I find his story awe-inspiring and uplifting because it gives me an image of a patient, devoted person sitting alone in a quiet place concentrating absolutely on a work of art, to the exclusion of all else. It makes me think of many others who have created great works in similar circumstances – those who have been perhaps in prison, like St Paul, or Cervantes who wrote Don Quixote, two amongst several examples: or those who have deliberately chosen to go apart into an isolated place like Eadfrith in the scriptorium, free of distractions.

To be free of distractions and able to fully concentrate and devote yourself to the task in hand is such a luxury now, such an ideal for writers and artists to aspire to.

 

 

 

 

 

 

 

 

 

Writing Stories That Grow Legs and Run Away From You

 

In my creative writing class at Lancaster University years ago, our tutor said to us:  Once written and completed, your work is A Thing on the Table.  The world can make what it likes of it.  It doesn’t belong to you any more.”creative writing

More recently, novelist Susan Hill, speaking at a local author event, mentioned her first great literary success, The Woman in Black. She said, I have never known a story grow legs and run away from me like that one did.

What a lovely image for the independent life a novel takes on, once completed and out in the world. The ultimate value of a novel lies in the responses of those who read it.  JK Rowling said that the whole “fairy tale” of what had happened to her was only because we had read her story and loved it.

My new novel, A Passionate Spirit, had many different sources of inspiration. But one of them was my conversation with a retired clergyman, John, who told me a story which I then used in my novel.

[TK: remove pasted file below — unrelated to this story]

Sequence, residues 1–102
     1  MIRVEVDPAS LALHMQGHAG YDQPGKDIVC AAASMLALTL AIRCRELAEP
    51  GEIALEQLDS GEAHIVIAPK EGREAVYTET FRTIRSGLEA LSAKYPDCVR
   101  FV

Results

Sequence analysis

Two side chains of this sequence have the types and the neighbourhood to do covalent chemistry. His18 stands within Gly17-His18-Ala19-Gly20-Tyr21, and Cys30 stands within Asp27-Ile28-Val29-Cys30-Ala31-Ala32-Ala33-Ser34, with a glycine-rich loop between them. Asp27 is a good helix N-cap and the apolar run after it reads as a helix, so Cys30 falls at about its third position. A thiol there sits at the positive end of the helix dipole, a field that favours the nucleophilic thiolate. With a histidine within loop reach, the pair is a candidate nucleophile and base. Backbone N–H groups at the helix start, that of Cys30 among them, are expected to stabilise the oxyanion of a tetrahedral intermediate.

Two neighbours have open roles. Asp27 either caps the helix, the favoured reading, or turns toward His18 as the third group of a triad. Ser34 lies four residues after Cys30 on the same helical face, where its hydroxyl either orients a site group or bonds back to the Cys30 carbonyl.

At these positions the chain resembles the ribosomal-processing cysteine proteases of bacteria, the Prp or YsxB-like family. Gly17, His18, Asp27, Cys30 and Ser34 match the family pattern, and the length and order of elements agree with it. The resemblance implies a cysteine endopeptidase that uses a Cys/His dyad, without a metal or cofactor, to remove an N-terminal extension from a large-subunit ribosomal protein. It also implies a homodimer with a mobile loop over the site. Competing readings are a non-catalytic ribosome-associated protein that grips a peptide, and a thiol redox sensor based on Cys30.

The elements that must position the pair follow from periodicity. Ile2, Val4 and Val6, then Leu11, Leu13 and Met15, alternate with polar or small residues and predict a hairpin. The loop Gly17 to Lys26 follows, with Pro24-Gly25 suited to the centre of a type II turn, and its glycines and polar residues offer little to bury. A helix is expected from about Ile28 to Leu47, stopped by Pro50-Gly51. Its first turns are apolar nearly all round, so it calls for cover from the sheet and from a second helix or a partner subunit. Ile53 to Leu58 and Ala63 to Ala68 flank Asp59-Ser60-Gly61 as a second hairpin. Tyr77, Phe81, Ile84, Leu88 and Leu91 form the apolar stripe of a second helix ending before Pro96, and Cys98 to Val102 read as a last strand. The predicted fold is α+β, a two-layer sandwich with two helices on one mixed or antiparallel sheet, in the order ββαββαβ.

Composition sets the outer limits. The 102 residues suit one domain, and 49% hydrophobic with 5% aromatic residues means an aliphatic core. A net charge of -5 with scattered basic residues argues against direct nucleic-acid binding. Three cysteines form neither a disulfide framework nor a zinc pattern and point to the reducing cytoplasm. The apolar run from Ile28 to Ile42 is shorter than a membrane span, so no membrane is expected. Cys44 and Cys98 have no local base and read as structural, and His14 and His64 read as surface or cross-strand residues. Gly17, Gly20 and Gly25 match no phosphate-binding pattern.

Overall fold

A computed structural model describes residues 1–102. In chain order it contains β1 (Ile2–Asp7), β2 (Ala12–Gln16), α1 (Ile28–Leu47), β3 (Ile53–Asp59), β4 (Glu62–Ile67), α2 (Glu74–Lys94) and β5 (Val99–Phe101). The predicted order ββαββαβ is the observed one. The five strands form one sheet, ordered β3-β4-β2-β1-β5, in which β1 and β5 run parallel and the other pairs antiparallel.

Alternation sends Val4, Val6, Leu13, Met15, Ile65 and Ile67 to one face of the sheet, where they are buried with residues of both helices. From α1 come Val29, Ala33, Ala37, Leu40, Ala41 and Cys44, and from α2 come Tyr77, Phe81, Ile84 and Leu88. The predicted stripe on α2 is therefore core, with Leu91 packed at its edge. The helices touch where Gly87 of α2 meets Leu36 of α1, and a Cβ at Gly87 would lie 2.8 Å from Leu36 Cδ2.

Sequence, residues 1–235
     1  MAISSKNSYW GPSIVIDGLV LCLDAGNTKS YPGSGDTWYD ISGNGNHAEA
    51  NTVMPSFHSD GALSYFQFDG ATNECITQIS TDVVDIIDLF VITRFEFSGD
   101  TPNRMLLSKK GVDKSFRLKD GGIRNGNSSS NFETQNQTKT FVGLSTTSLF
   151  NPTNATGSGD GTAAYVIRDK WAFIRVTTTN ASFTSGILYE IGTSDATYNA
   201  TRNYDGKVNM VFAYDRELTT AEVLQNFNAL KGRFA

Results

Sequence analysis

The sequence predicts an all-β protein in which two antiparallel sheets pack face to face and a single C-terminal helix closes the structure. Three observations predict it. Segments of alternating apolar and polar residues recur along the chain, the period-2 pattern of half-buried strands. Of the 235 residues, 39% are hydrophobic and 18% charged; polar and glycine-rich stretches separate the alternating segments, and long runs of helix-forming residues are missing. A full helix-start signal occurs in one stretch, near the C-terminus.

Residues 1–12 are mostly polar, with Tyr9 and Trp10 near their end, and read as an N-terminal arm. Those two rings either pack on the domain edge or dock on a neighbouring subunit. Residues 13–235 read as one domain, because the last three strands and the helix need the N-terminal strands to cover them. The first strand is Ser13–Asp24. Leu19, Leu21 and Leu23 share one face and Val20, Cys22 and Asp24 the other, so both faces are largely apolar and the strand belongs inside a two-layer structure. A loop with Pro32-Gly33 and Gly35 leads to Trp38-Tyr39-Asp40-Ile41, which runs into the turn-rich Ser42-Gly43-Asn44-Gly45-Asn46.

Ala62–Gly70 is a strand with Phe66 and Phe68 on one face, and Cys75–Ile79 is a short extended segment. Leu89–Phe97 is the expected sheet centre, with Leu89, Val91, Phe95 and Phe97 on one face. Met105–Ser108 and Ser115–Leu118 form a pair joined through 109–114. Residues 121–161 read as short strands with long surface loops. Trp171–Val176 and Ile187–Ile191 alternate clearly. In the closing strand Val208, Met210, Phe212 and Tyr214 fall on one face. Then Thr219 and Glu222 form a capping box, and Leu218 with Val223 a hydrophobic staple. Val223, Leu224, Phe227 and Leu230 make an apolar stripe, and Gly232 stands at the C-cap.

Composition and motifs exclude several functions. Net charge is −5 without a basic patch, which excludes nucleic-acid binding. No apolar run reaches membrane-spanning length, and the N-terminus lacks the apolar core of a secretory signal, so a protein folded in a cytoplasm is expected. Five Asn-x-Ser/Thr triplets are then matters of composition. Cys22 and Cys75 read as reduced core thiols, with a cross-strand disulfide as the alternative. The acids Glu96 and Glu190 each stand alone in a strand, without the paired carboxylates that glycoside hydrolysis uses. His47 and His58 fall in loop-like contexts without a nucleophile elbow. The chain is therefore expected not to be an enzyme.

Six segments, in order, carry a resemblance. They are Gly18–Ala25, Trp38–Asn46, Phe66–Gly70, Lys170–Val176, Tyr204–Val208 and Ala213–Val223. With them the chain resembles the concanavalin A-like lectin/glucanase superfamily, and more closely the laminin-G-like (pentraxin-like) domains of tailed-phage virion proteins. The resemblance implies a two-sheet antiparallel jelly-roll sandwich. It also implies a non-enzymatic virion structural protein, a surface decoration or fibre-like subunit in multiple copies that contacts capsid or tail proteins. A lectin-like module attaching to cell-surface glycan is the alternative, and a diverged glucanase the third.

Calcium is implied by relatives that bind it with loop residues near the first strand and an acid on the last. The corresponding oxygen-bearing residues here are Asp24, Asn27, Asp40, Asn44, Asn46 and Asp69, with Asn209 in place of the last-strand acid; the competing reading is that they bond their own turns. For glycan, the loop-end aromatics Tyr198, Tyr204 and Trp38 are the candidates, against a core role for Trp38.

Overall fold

He described an incident which took place during his ministry as parish priest. A spiritual healer had risen to prominence in his parish.  She’d healed many in the local community and had attracted national media attention. Soon John’s church could no longer ignore this, as several in his congregation, including the churchwarden, claimed to have been healed by her, and believed in her miraculous powers. John recounted to me the tale of one dramatic afternoon, when he met and questioned this healer, along with his churchwarden, and another local clergyman. Later, I went back to the work-in-progress, and my character Natasha emerged, together with a key scene in the novel, based on John’s story.

A Passionate Spirit has some Christian characters (young priest Theo and his wife Zoe); and, to my mind, a strong Christian message. But there’s no guarantee my readers will choose to see that.

In my novel, eventually Zoe meets a huge spiritual challenge head-on, with her fledgling Christian faith; and I show her praying, using the Lord’s Prayer and the words of Psalm 23. She also cites the character of Jesus in her headlong confrontation with evil. Vital help for Zoe comes from her friend Alice, who isn’t Christian, and who was the first person to discern the menace represented by Natasha.

I don’t believe we can expect every Christian to have spiritual discernment. Having experienced a number of spiritual healers myself in the past I’ve become more alert to ‘false prophets’ and the ‘trees that do not bear good fruit’; and that has influenced my story.

A Passionate Spirit is now truly A Thing Upon the Table. I trust and respect that the readers will make what they like of it. And of course I only have the chance to find out if I get feedback from reviews…